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What is BAC and how does it impact a DWI?

BAC Defined

BAC stands for Blood Alcohol Content and it measures the amount of alcohol in the bloodstream. It is typically measured after a DWI stop with a sample from a breathalyzer or a blood draw. The two digit number that is returned from the analysis of the sample can have a big impact on your DWI case.

There are many factors that are going to affect your BAC. Obviously the amount of alcohol consumed is a major factor. But also, when were the drinks consumed and over how long a time period? How much did you eat? How much do you weigh? At the end of the day, it’s not even a great measure of intoxication because tolerance can vary widely between individuals. Even though it is a very rough estimation of intoxication, laws and courts rely heavily on it because it is seemingly such an objective measure.

.08 – DWI presumed

If the reading is over .08, a DWI is presumed under the law. This means that the prosecutor does not even need to show evidence that driving was impaired. As long as they can show that your BAC was over .08, that is sufficient evidence for a DWI. Importantly, the State must show that your BAC level was .08 at the time of driving.

Since BAC fluctuates up and down, a reading over .08 not taken at the time of driving might not be sufficient evidence that it was over .08 when the car was being operated. For example, a drink consumed right before getting behind the wheel might propel the BAC over .08 after the driving has concluded. For these reasons, a reading over .08 is not an automatic “guilty”. A reading that is slightly over .08 can often be reduced to a lesser charge.

.15 – Enhancement to a Class A DWI

A BAC over .15 can result in the charge being enhanced from a class B misdemeanor to a Class A misdemeanor. A class A carries higher maximum jail time and fine (from 180 days and $2,000 to 1 year and $4,000) Importantly, there is a minimum jail sentence of 30 days with a class A misdemeanor. However, just because a DWI is charged as a class A does not mean that’s where it will end up. Depending on the facts of the case, it can often be dropped to a class B, dropping the minimum jail time all the way down to 3 days.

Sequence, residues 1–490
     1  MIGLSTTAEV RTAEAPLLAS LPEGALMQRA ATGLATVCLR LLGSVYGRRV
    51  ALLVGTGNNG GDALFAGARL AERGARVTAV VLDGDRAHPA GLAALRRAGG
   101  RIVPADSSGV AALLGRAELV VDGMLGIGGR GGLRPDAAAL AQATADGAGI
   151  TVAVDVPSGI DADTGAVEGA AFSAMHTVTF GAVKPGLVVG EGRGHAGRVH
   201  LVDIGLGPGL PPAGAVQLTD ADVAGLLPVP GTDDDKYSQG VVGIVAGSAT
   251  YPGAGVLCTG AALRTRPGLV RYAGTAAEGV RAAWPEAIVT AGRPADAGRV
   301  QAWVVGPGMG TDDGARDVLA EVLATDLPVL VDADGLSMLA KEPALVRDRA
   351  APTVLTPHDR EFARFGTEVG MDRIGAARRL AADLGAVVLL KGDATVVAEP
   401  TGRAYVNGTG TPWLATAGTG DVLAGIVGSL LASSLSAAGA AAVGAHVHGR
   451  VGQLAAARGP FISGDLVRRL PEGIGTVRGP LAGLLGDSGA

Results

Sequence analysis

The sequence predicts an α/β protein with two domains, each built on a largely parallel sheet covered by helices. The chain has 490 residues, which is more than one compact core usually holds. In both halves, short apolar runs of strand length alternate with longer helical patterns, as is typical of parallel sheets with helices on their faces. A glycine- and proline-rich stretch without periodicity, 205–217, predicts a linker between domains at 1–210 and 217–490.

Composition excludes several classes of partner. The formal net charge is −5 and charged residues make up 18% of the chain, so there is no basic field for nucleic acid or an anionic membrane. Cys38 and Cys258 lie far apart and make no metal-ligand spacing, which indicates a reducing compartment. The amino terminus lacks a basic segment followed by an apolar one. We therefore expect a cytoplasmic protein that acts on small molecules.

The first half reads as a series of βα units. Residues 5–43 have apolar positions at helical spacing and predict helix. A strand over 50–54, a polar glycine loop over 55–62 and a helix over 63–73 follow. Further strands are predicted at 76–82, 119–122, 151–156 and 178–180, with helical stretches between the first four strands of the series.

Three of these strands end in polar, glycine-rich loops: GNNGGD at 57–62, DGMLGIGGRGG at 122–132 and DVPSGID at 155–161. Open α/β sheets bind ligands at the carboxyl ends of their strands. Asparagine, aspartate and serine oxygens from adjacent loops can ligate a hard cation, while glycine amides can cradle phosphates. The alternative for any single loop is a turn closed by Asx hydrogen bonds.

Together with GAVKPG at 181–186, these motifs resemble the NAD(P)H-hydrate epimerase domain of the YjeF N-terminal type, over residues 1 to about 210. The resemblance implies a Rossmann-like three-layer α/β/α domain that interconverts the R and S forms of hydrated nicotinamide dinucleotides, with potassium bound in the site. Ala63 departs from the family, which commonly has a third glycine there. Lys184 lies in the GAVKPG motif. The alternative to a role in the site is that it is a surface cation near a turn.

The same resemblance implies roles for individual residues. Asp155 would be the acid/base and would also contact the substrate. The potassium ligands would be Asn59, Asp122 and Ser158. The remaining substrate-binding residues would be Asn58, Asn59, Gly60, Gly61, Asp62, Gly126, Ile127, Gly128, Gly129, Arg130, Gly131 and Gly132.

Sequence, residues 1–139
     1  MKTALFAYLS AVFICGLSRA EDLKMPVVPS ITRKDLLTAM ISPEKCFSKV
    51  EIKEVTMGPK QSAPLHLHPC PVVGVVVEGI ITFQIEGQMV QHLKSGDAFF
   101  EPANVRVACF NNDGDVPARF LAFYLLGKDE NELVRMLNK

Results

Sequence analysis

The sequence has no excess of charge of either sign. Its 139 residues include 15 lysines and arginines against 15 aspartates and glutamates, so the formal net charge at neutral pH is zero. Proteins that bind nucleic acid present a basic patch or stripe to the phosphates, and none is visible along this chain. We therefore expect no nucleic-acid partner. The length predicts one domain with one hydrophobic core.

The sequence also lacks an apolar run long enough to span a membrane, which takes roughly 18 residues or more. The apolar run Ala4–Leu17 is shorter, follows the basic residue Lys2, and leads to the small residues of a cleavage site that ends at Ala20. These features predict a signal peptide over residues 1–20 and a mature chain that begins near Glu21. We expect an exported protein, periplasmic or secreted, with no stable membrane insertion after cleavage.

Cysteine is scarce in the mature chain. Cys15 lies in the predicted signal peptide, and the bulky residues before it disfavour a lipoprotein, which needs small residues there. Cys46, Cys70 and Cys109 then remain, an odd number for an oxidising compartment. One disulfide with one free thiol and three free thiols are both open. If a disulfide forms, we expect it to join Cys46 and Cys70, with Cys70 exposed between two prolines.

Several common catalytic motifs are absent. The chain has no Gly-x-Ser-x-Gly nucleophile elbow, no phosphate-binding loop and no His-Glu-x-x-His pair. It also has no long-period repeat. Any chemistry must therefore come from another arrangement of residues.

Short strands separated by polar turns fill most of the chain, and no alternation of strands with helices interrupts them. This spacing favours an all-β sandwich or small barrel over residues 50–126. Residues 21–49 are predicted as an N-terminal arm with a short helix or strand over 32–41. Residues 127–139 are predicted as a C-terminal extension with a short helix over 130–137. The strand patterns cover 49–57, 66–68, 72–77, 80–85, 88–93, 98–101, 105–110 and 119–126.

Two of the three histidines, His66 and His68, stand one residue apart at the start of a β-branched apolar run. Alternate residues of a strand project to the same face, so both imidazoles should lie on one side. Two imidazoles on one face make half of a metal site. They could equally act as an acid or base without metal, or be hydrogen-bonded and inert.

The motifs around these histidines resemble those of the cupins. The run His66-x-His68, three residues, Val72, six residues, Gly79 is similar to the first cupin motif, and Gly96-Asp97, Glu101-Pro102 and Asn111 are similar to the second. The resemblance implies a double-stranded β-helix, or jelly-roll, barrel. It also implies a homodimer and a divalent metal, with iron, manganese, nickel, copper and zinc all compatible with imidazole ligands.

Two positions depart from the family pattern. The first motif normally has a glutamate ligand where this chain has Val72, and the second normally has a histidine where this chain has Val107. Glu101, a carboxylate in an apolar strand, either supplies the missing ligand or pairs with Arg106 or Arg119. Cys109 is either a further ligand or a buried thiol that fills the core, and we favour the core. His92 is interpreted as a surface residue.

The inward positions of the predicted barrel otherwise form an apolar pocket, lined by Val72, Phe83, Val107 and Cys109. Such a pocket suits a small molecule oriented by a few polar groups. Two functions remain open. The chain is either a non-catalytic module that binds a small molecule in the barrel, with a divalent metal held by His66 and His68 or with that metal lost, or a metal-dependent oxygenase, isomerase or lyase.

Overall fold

DWI when below .08

Some people are surprised that a prosecutor may continue with a DWI prosecution even when the BAC is lower than .08. This can happen for two reasons. First, .08 is the level where DWI is presumed. It’s not a necessary element for proving the DWI, it just makes the prosecdutoer’s job easier. They can also simply show that the driver did not having “the normal use of mental or physical faculties by reason of the introduction of alcohol”. Note that they do not have to show that the driver was over .08 to prove intoxication.

A second factor that people forget about is that alcohol is not the only way someone can become intoxicated. It can also be by way of “a controlled substance, a drug, a dangerous drug, a combination of two or more of those substances, or any other substance into the body.”

When a blood test comes back below .08 in Travis County and the officer believes the person was intoxicated, their policy is to immediately send the sample to DPS for drug testing. For a number of reasons, a DWI based on drugs rather that alcohol is going to be a more complicated case. For example, the timing of the effect of the drug vs. it remaining in the blood stream can create significant issues for the prosecution. However, prosecutions for drug DWIs against drivers who are below .08 BAC can and do happen all the time.

Rob Chesnutt is an attorney at ATX Legal. He handles criminal defense in Travis, Hays and Williamson counties, and personal injury cases across Texas. This blog post is for educational purposes only and is not legal advice. If you would like legal advice for your specific issue, you can call us at 512-677-5003, or visit atx.legal to set up a free case evaluation.

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